Diagnostic analyses are conducted to separate the thermodynamic and dynamic contributions to EAR changes following a previous study29 (see Methods for details). The results indicate that the increase of EARs under warming is largely determined by thermodynamic change and agrees well with the overall water vapor rising in HR-RCP globally (Fig. S5). In contrast, the dynamic change is much weaker (~25% of the thermodynamic value) and acts to suppress AR increase especially in the NH, in line with the storm track changes (Fig. S5). Moreover, the positional variations of EARs in both hemispheres shown in Fig. 2 are also consistent with the poleward shift of storm tracks (Fig. S5b). The predominant role of thermodynamic response in determining AR projection under warming has been widely discussed in many previous studies at regional scales11,19,30 and the possible negative role of dynamic response in affecting AR changes has also been noted in the North Pacific and Mediterranean29,31. It is further proved in HR CESM that similar mechanisms can be applied at a global scale.

Global response of landfalling extreme ARs to anthropogenic warming

ARs can induce extreme precipitation when making landfall, especially in high topography areas. Figure 4 shows the landfalling EAR response to global warming in the North Pacific (NP), North Atlantic (NA), and South Pacific (SP) in HR CESM (the number of EARs landfalling along the east coast of the South Atlantic is small and is not shown here). Consistent with the overall EAR changes, future landfalling EARs are also significantly enhanced with an even stronger amplification (Fig. 4a–f). Compared to HR-HIS, the accumulated IVT and precipitation associated with landfalling EARs in HR-RCP are generally increased by a factor of two in 2050–2100 (Fig. 4a–i). Also, it is evident that the landfalling EARs induced precipitation relies heavily on topographical lifting, and the precipitation enhancement in these areas can reach as high as 200–300% (Fig. 4g–i). The results suggest a higher amplification rate of landfalling EARs (~threefolds) than global EARs (~twofolds) in a future warming climate and it is these landfalling EARs that will cause severe hydrological hazards and directly impact the coastal regions.

Fig. 4: Landfalling extreme atmospheric river (EAR) response to anthropogenic warming in High Resolution Community Earth System Model (HR CESM).
figure 4

Normalized accumulated integrated water vapor transport (IVT, kg/m/s) associated with landfalling EARs in the North Pacific (NP) (a), North Atlantic (NA) (c) and South Pacific (SP) (e) simulated in historical simulations (HR-HIS) and the corresponding differences between future simulations (HR-RCP) and HR-HIS (b, d, f). gl as for af, but for precipitation (mm/day). The maximum value for each figure is labeled on the top right. Calculation details of EAR IVT and precipitation are given in Methods. The difference above 95% confidence level based on a two-sided Student’s test is shaded by gray dots. Probability distribution functions (PDFs) of relative differences of landfalling EARs’ length (m 103 km), width (n 103 km) and area (o 105 km2) between HR-RCP and HR-HIS in reference to HR-HIS for the NP, NA and SP, respectively. Source data are provided as a Source Data file.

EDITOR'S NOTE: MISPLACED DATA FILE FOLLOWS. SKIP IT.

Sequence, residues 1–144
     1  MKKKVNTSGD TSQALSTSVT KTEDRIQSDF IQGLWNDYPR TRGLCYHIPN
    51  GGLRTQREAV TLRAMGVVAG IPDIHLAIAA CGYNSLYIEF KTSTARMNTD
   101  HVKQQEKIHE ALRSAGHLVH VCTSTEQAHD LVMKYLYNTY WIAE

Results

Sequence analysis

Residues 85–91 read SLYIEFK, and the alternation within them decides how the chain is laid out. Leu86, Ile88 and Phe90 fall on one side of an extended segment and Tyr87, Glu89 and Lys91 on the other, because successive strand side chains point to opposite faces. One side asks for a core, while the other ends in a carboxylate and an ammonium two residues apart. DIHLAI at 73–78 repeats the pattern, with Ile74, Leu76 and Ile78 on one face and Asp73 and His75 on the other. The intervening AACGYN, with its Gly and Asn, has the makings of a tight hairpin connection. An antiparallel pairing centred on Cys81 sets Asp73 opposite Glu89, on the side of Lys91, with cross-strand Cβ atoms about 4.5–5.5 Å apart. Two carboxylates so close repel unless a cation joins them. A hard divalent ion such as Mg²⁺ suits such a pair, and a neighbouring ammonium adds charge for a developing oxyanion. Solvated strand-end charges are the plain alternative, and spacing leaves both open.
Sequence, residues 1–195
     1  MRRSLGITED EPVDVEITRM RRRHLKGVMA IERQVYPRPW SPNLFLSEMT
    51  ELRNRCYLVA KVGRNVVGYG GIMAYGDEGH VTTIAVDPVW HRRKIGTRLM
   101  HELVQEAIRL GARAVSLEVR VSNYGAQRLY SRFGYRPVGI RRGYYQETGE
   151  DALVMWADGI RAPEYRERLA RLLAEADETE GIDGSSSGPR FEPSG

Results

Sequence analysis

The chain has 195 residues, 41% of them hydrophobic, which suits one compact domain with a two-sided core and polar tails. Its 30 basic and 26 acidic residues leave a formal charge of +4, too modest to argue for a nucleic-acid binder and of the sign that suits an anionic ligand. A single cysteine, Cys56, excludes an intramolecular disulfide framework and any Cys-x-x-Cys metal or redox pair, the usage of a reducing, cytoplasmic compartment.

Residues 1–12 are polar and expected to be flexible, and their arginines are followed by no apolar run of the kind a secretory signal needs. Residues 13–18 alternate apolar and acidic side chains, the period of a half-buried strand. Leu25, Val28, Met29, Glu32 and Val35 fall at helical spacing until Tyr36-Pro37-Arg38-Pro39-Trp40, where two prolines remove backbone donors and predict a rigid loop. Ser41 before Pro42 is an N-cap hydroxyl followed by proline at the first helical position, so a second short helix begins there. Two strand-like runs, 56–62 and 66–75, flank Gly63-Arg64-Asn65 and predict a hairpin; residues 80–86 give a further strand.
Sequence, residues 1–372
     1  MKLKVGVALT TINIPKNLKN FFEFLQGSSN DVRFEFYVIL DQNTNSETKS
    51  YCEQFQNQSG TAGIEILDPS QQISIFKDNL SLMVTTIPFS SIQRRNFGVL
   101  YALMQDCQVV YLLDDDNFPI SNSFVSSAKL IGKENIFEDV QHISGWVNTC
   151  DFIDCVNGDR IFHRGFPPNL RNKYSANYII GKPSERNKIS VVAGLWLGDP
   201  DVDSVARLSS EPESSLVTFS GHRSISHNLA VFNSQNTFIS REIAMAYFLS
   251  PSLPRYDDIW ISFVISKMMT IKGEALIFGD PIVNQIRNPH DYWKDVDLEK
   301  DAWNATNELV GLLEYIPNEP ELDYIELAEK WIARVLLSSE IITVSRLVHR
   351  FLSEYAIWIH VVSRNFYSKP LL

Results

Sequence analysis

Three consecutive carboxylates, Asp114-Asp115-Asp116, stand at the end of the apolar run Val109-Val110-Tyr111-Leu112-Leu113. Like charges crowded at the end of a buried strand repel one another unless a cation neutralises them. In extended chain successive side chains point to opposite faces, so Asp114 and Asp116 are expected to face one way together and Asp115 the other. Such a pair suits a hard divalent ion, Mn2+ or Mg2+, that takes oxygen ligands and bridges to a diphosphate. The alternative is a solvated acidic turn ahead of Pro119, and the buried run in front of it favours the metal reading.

Possible factors that contribute to the disproportionate increase of landfalling EARs under warming are further investigated. Examination of the evolution of landfalling EARs reveals a two-fold amplification in the genesis occurrence comparable with global EARs’ change while the occurrence frequency comes to three-fold the historical value at landfalling (Fig. S6), implying a modification of EARs during the propagation. PDFs of AR characteristics indicate an overall lengthening and widening of landfalling EARs (Fig. 4m–o). The fractional increase of AR’s length and width between HR-RCP and HR-HIS is up to 50–100%, leading to a corresponding growth of AR’s size as high as 100–200%. The elongation and broadening characteristics of EARs are preferential for downstream extension and promote their interaction with land. Combined with the topographical lifting, more landfalling EARs are produced.

Relationship between EARs and storms

The occurrence of ARs is closely related with extratropical cyclones (ECs)32,33. Over 80% of EARs are paired with ECs (see Methods for definition of paired AR-EC) in HR-HIS and the pairing relationship drops slightly (2% ~ 5%) in HR-RCP (Tab. S1). Composites of sea level pressure (SLP) and IVT associated with EARs show a clear low pressure system northwest (southwest) of EARs in the NH (SH) (Fig. 5a, e), and the intense IVT of EARs aligns nicely along the largest pressure gradient (contours in Fig. 5c, g). In HR-RCP, the EARs are enhanced with stronger IVT (Fig. 5b, f) but the intensity of the accompanied storms is reduced with a weaker SLP gradient (shading in Fig. 5c, g) and higher central SLP (Fig. 5b, f). The reduced storm intensity is more evident in the NH than the SH, again consistent with the storm track change (Fig. S5). Specifically, the averaged SLP gradient around the maximum IVT of the EAR center is significantly weakened by ~20% (10%) in the NH (SH) (Fig. 5c, g). Meanwhile, the percentage of EARs pairing with weaker storm intensity (higher SLP) is raised as high as 50% in HR-RCP (Fig. 5d). The above results imply that future EARs tend to be paired with less intense storm systems. This is understandable given that the enhanced water vapor supply in a warming climate is likely to lower the requirement of the wind field for EAR formation.

Fig. 5: Coupling relationship between extreme atmospheric rivers (EARs) and extratropical cyclones (ECs).
figure 5